Off topic: Interesting article about the English language
Thread poster: Amy Duncan (X)
| | Amy Duncan (X)
Local time: 21:35
Portuguese to English
| | oxygen4u
Local time: 23:35
English to Portuguese
Obrigada Amy. É um artigo interessante, sobretudo agora que enfrentamos um Acordo Ortográfico...
| The other "artigo" is even more "interessante" || Jan 2, 2010 |
IMHO, an excerpt from " ‘The Lexicographer’s Dilemma` ", the entire book and other articles about the book are much more interesting than this article. The author of the Books of The Times is a good and selling copywriter, but... he does not seem to have read/properly understood all of the Lynch's writing.
However, the book itself is also (purposely) controversial. "To mangle the rules of grammar, you first have to know the rules" ?! I doubt this the most
I don't think the native English-speaking world is going to lose control for a long time. The reason is that, although certain ways of saying things among non-native English speakers may come to prominence, they are by no means universal. An example is the word 'branch', which many Europeans, when speaking English together, understand - wrongly - to mean 'field', 'sector' or 'industry', though in 'Japanese English' the word has the same meaning as in (normal) English ('office location').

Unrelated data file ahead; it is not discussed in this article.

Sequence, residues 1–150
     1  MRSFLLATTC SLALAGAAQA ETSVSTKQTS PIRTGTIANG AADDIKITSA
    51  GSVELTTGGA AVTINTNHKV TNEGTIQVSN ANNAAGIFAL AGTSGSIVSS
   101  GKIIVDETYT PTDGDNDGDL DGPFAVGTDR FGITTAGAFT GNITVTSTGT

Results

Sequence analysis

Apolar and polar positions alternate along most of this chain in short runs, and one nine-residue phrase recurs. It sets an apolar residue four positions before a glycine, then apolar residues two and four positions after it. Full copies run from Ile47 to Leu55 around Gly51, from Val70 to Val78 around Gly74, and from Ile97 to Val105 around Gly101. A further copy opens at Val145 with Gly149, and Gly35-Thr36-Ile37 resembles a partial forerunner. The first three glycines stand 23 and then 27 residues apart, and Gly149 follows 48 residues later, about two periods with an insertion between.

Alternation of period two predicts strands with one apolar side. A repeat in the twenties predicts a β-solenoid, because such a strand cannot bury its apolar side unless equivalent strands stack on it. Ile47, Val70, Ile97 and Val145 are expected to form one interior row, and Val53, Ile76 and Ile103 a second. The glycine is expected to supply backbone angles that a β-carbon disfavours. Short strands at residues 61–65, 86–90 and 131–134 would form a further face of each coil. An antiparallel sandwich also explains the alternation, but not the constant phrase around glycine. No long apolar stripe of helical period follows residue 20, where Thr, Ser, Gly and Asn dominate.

The optimists who are lazy about learning the complexities of English (and they are legion) are kidding themselves if they think that in the future the world will be speaking a simplied version. Simplified languages do not work because they cannot accommodate all the messages humans need to convey (look at the failure of Esperanto).
And I am sure no one in the UK, the USA, Canada, New Zealand, Pakistan, Nigeria, Ghana, Trinidad and Tobago, Jamaica, Singapore, etc.,etc., is going to adopt a sort of Startrek-alien's dialect to communicate with the rest of the world.
That is not to say, however, that the language is not changing. All languages change over time - that is a truism. 'Slower' is taking over from 'more slowly' and 'less' (oh abomonation!) is being used more and more for 'fewer'.
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Interesting article about the English language
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